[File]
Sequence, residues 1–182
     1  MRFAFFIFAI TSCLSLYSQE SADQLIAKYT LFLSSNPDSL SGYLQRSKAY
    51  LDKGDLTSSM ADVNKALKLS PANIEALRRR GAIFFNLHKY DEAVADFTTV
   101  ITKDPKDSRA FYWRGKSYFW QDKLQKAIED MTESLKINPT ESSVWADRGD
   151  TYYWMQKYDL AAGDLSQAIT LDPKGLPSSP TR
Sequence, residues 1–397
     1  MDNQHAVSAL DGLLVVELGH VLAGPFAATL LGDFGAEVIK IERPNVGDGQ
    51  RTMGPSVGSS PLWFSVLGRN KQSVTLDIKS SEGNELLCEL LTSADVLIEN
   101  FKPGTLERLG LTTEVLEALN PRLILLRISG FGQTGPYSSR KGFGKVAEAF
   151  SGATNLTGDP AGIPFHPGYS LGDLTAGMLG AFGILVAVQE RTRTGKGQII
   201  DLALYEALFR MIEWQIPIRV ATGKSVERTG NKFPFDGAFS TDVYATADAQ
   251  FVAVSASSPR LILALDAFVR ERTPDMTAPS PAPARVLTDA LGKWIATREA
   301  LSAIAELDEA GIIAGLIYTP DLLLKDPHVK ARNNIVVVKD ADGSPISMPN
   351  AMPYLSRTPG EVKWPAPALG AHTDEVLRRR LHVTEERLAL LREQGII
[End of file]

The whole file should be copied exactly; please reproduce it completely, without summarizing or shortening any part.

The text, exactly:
Sequence, residues 1–182
     1  MRFAFFIFAI TSCLSLYSQE SADQLIAKYT LFLSSNPDSL SGYLQRSKAY
    51  LDKGDLTSSM ADVNKALKLS PANIEALRRR GAIFFNLHKY DEAVADFTTV
   101  ITKDPKDSRA FYWRGKSYFW QDKLQKAIED MTESLKINPT ESSVWADRGD
   151  TYYWMQKYDL AAGDLSQAIT LDPKGLPSSP TR
Sequence, residues 1–397
     1  MDNQHAVSAL DGLLVVELGH VLAGPFAATL LGDFGAEVIK IERPNVGDGQ
    51  RTMGPSVGSS PLWFSVLGRN KQSVTLDIKS SEGNELLCEL LTSADVLIEN
   101  FKPGTLERLG LTTEVLEALN PRLILLRISG FGQTGPYSSR KGFGKVAEAF
   151  SGATNLTGDP AGIPFHPGYS LGDLTAGMLG AFGILVAVQE RTRTGKGQII
   201  DLALYEALFR MIEWQIPIRV ATGKSVERTG NKFPFDGAFS TDVYATADAQ
   251  FVAVSASSPR LILALDAFVR ERTPDMTAPS PAPARVLTDA LGKWIATREA
   301  LSAIAELDEA GIIAGLIYTP DLLLKDPHVK ARNNIVVVKD ADGSPISMPN
   351  AMPYLSRTPG EVKWPAPALG AHTDEVLRRR LHVTEERLAL LREQGII